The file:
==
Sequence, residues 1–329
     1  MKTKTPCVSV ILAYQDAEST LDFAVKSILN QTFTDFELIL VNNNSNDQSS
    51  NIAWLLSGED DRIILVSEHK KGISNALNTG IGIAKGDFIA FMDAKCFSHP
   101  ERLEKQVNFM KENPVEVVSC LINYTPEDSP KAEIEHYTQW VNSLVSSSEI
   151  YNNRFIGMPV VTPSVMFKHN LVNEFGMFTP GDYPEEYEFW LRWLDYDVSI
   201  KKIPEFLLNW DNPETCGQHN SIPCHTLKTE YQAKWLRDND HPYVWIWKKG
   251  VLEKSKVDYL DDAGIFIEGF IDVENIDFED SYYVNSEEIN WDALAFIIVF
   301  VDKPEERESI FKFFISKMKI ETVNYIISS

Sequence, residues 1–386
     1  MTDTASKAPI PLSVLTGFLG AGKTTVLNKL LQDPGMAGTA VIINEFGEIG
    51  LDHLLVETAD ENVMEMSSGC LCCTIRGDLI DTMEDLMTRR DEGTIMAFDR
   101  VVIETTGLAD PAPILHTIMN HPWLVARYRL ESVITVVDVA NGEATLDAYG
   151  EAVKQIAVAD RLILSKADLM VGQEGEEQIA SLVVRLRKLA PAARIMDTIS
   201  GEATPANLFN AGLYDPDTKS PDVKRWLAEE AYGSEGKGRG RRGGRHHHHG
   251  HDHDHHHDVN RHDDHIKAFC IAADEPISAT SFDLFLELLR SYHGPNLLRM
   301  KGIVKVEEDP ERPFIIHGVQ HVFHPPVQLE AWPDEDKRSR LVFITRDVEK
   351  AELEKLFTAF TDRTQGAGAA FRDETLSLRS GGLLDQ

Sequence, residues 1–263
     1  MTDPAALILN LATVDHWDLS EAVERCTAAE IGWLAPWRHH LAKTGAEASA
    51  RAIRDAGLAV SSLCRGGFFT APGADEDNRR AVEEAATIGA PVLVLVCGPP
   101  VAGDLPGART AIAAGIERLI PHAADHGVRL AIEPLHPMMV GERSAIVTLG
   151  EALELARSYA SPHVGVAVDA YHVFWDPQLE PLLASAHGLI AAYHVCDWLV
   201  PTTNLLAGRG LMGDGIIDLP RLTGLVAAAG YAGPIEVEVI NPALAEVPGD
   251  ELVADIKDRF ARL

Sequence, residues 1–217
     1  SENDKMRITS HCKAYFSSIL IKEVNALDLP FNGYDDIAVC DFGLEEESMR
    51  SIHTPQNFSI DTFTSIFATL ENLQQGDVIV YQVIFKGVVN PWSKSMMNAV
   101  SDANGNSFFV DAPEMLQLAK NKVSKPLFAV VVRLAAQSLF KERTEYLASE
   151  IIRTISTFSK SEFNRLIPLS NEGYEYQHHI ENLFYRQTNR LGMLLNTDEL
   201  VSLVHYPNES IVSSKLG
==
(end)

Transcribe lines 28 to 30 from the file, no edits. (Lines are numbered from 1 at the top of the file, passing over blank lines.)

   101  SDANGNSFFV DAPEMLQLAK NKVSKPLFAV VVRLAAQSLF KERTEYLASE
   151  IIRTISTFSK SEFNRLIPLS NEGYEYQHHI ENLFYRQTNR LGMLLNTDEL
   201  VSLVHYPNES IVSSKLG